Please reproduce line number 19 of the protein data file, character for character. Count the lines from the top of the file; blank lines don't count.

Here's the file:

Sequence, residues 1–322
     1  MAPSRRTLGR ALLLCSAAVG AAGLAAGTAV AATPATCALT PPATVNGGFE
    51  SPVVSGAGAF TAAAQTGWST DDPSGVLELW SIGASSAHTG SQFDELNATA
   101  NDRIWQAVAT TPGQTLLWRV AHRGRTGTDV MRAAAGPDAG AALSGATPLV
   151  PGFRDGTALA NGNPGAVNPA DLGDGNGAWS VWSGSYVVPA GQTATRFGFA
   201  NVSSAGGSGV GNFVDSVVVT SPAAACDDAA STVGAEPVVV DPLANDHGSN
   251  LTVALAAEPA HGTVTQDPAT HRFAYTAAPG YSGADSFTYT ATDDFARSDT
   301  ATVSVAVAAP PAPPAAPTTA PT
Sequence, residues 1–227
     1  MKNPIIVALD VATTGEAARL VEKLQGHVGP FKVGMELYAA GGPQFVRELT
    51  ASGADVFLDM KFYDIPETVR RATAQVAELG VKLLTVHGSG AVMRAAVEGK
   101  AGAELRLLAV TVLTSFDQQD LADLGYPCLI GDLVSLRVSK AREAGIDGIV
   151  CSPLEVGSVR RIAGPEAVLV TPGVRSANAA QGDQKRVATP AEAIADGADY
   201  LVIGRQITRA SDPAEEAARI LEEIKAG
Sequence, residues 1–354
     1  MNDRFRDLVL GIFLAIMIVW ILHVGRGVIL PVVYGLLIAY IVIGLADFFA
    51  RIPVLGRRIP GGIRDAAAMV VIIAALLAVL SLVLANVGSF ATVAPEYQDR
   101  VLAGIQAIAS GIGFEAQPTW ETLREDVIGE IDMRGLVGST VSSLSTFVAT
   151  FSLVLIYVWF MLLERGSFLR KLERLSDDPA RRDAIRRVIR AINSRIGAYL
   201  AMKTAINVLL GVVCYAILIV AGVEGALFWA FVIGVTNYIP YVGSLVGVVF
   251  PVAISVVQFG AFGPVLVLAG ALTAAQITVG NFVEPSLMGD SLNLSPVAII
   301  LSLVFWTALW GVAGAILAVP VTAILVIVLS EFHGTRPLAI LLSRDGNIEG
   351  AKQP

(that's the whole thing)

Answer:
   151  FSLVLIYVWF MLLERGSFLR KLERLSDDPA RRDAIRRVIR AINSRIGAYL